Date
24 June 2017
It's heavenly to savor beef in seven styles and sauces without burning a big hole in your pocket. Photos: Delicieuxpate/HKEJ
It's heavenly to savor beef in seven styles and sauces without burning a big hole in your pocket. Photos: Delicieuxpate/HKEJ

Bò 7 Món in Ho Chi Minh City

After spending the first two days and nights in the port city of Vung Tau during my recent trip to Vietnam, I headed back to Ho Chi Minh City.

Known previously as Saigon, the former capital city of South Vietnam was as vibrant as always.

Thanks to the guidance of my local Vietnamese-Chinese buddy, I got the opportunity to sample some authentic Vietnamese cuisine at an outlet located in a small alley.

“You must give a try of seven-course beef dinner of Vietnam,” he said, pointing at a restaurant signboard enthusiastically.

It turned out to be a joint named Au Pagolac, which was famous for its “Bò 7 Món”, or seven courses of beef.

Rather than simple street stalls, we were welcomed into a neat aisle with red Chinese lanterns on both sides.

And we found ourselves in a private box with a full table of ingredients and cookware. One couldn’t help but wonder aloud: “Is it going to be expensive?”

But seriously, how costly can it ever be when you are in a country like Vietnam? My friend proudly told me that we can eat all we want by paying no more than the equivalent of 10 US dollars.

As the name suggested, seven ways of cooking were included, namely pan-frying, stir-frying, simmering, deep-frying, steaming, baking and quick-boiling.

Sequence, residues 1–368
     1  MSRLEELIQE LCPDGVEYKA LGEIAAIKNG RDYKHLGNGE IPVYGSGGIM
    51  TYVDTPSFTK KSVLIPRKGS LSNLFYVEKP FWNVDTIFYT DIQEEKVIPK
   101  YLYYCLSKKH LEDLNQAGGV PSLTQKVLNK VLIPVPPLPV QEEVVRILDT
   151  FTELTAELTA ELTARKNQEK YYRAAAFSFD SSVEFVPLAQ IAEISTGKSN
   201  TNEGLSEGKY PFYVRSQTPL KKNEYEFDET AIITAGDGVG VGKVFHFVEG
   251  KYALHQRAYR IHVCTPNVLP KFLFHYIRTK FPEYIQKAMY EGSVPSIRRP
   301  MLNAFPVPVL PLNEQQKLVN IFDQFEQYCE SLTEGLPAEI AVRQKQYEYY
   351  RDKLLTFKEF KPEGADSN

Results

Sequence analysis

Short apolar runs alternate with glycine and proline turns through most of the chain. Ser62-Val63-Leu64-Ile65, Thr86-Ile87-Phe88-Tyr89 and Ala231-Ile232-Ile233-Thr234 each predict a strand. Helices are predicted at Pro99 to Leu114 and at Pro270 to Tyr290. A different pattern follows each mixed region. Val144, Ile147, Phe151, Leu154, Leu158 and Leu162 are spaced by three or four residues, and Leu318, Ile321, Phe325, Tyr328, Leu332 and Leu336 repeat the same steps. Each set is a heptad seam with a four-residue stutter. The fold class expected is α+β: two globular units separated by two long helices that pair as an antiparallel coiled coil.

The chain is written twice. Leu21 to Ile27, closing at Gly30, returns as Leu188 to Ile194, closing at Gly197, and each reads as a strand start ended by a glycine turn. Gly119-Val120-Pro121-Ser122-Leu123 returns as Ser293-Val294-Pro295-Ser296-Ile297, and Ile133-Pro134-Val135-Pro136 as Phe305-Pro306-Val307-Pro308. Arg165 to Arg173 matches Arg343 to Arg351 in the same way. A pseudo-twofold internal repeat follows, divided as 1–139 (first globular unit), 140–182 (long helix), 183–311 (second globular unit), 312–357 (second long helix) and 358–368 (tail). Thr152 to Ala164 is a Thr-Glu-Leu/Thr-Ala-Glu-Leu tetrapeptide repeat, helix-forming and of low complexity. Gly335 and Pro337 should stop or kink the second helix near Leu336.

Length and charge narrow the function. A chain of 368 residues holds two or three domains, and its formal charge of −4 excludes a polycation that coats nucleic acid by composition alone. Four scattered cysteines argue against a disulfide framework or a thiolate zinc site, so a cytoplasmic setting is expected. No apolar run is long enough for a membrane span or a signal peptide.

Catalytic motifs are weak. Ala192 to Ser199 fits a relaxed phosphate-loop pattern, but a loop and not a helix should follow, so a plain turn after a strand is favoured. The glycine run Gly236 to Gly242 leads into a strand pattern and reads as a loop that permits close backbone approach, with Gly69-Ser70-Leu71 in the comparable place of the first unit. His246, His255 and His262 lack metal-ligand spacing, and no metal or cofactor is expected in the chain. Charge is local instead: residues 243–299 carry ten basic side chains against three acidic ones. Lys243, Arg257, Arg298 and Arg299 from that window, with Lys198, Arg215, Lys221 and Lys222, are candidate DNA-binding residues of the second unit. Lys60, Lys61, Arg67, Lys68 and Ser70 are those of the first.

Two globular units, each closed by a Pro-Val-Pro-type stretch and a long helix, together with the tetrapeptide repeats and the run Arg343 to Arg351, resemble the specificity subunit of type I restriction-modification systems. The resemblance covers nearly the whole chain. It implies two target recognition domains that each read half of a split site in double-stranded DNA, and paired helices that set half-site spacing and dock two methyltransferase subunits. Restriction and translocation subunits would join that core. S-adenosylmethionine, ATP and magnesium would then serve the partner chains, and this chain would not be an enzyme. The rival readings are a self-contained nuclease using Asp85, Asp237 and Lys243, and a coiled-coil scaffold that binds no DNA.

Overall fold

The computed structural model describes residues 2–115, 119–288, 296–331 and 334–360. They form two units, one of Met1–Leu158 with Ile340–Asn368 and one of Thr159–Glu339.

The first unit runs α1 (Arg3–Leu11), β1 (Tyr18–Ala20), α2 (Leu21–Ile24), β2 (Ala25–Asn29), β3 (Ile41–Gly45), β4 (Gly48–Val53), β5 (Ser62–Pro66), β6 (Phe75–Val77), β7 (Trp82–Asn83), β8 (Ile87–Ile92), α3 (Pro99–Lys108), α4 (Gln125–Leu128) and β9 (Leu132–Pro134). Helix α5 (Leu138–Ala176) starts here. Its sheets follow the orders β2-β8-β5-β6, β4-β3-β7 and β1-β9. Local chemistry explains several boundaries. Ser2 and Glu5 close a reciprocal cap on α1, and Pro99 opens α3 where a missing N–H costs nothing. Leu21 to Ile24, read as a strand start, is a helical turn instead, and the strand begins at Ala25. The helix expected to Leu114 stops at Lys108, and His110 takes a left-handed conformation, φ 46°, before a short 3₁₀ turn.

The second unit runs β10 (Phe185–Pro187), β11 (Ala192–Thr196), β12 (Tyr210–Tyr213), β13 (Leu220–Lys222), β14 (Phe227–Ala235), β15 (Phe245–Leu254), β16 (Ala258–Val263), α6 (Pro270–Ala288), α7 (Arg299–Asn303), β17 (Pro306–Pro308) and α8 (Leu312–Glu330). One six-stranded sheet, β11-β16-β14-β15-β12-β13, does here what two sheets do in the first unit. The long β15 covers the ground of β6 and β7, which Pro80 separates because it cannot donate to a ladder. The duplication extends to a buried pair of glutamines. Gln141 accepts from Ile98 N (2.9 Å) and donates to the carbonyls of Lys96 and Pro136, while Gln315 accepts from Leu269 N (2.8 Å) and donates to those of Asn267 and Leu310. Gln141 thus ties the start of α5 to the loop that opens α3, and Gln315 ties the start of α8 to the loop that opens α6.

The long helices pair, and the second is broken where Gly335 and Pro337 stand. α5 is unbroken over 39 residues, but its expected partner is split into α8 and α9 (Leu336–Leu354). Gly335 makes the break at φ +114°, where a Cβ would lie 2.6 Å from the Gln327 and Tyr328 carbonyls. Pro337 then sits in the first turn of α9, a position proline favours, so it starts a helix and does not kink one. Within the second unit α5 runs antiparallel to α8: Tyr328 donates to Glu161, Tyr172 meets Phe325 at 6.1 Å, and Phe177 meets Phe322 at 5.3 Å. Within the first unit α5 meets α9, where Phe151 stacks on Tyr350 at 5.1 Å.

The exact dishes were spicy beef salad, beef vinegar fondue, grilled beef wrapped in piper lolot leaves, grilled beef sausages wrapped in caul fat, grilled beef rolls, steamed beef patties and beef congee.

It was impressive that each of the beef dishes tasted distinctively, which I learnt was due to the fantastic use of sauces.

Fish sauce with lime and sauce with spices were my top flavors. Without them, it was hard to ingest the rice paper.

The Vietnamese rice paper and rice vermicelli paper were the “plate” for the night. In order to soften the plastic film like paper, it first has to be placed on a slightly wet towel and later moisturized further by the fish sauce.

Before leaving Vietnam, I rushed to a supermarket to help myself to a stack of rice paper and a roll of Vietnamese ham. They were good but I missed the wonderful tastes that come only with the fish sauce.

This article appeared in the Hong Kong Economic Journal on June 7

Translation by John Chui

[Chinese version 中文版]

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JC/FC/RC

a veteran journalist and food critic

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